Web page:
More than 43,000 NHS staff have been hit by phishing emails over the past few months, as they battled to save patients infected with COVID-19, a Freedom of Information (FOI) request has revealed.

Think tank Parliament Street asked NHS Digital for the data on spam and phishing emails from March to July 14.

A spokesperson confirmed to Infosecurity that the figures related to user reports of malicious and scam messages in their inbox, so the real total could be far higher.

If correct, it would mean that NHS Digital filters are failing to catch a significant volume of threats at a time when the health service is under extreme strain due to the pandemic.

The FOI request revealed a total of 43,108 reports of malicious emails made by doctors, nurses and other NHS staff during the period. The vast majority came from March (21,188) at the start of the crisis, with fewer reports in April (8085), May (5883) and June (6468), plus 1484 in the first half of July.

With reports circulating of cyber-criminals attempting to deploy malware in hospitals, the email inbox is a vital first-line-of-defense against potentially serious cyber-threats.

Although the 43,108 individuals who reported the emails are unlikely to have fallen for the scams, many attacks have been successful. NHS Digital revealed in June that over 100 NHS inboxes were compromised in such raids, although the end goal was not clear.

In some cases, employee finances have been targeted in the attacks: one NHS trust in the north-west warned that criminals impersonated employees in emails to HR and Payroll staff, with the aim of tricking them into changing staff bank account numbers.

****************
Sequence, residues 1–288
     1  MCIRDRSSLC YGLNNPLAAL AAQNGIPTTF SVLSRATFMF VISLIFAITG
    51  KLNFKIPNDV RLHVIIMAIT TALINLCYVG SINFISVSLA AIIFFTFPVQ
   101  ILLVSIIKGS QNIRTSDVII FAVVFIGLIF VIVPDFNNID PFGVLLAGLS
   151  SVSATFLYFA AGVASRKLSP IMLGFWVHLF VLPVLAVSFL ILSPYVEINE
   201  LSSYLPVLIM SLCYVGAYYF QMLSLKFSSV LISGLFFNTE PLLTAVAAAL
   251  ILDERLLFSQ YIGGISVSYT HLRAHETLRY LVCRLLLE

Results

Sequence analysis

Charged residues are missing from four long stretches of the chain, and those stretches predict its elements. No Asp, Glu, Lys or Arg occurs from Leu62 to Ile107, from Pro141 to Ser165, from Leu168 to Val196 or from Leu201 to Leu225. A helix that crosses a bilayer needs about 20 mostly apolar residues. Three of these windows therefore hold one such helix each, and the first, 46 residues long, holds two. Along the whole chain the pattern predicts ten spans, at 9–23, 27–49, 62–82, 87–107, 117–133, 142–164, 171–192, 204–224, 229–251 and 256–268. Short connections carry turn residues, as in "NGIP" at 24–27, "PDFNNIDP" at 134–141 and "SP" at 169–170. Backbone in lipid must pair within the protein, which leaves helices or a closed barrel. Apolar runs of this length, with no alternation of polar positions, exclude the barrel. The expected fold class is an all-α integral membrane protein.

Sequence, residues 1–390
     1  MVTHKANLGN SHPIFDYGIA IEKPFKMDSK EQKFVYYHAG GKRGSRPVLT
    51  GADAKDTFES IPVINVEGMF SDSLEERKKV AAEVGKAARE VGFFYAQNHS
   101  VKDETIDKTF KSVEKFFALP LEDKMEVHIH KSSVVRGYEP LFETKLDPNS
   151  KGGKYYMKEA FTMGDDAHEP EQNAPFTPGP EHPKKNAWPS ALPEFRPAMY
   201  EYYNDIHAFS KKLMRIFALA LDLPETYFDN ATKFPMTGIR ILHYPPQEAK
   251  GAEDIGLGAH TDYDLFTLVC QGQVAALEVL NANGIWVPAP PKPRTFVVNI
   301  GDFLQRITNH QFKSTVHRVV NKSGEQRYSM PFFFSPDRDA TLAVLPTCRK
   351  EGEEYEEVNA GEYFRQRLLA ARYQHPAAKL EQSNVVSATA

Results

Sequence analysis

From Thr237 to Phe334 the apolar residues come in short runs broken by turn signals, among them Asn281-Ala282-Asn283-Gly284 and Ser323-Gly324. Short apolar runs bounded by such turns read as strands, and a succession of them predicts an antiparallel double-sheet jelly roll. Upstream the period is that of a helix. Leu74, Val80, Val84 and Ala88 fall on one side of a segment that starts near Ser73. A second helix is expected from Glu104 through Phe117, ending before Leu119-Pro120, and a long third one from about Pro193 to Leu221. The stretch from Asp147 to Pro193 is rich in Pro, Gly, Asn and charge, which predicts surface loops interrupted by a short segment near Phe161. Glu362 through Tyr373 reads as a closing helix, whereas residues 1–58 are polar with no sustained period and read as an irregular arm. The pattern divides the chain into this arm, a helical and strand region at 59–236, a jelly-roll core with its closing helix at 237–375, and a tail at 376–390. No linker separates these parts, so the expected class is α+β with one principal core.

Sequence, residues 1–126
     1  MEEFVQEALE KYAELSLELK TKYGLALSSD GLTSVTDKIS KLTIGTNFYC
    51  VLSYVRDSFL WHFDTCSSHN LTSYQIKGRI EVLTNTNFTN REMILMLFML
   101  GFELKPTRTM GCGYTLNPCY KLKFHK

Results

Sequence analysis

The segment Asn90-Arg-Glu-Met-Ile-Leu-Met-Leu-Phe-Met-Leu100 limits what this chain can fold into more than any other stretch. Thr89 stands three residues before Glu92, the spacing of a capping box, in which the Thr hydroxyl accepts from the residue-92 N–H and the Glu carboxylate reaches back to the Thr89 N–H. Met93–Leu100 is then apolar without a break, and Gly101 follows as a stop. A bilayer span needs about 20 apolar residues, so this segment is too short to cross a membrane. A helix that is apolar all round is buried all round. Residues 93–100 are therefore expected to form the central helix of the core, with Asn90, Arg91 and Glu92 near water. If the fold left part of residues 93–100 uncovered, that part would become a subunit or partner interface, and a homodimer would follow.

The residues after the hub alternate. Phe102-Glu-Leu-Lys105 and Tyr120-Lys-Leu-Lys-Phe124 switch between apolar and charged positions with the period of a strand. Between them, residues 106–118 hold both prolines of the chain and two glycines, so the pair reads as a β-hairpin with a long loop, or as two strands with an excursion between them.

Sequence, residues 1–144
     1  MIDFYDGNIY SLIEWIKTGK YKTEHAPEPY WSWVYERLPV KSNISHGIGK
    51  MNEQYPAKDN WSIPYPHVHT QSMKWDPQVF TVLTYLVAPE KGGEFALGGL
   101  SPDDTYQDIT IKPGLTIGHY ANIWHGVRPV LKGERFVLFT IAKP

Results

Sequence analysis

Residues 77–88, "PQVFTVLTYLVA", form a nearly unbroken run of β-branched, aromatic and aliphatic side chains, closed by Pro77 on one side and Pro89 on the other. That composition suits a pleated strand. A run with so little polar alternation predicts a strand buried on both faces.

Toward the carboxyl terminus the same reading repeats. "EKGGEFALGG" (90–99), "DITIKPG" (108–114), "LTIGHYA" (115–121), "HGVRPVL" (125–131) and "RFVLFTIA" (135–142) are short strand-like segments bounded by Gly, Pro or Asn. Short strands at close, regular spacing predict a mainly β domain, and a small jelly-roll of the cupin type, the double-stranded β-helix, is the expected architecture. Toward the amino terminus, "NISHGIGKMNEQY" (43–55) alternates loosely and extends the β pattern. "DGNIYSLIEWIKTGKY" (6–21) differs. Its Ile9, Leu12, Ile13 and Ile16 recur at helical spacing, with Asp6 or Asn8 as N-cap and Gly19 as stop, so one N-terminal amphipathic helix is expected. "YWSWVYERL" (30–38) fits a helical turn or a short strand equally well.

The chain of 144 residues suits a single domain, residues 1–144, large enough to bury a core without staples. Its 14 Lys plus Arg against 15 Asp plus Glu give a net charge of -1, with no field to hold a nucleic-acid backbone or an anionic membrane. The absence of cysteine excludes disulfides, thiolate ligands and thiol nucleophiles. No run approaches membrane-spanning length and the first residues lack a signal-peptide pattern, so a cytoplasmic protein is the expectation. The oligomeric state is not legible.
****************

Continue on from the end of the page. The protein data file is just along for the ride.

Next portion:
Chris Ross, SVP sales international at Barracuda Networks, warned that hackers may also be after patient data to sell on the dark web.

“After the WannaCry attack of 2017, the NHS did a great job in eradicating many of its cyber-defense weaknesses, however, it’s important that they maintain this resilience and constantly keep up with the developing cyber-threat facing them,” he argued.

“Our recent research revealed that there has been a spike in cyber-criminals using official email domains, such as Gmail and Yahoo, to bypass inbox defences and trick users into revealing personal details by impersonating a colleague, manager or trusted partner.”

AI-powered tools can help in identifying unusual senders and requests, he added.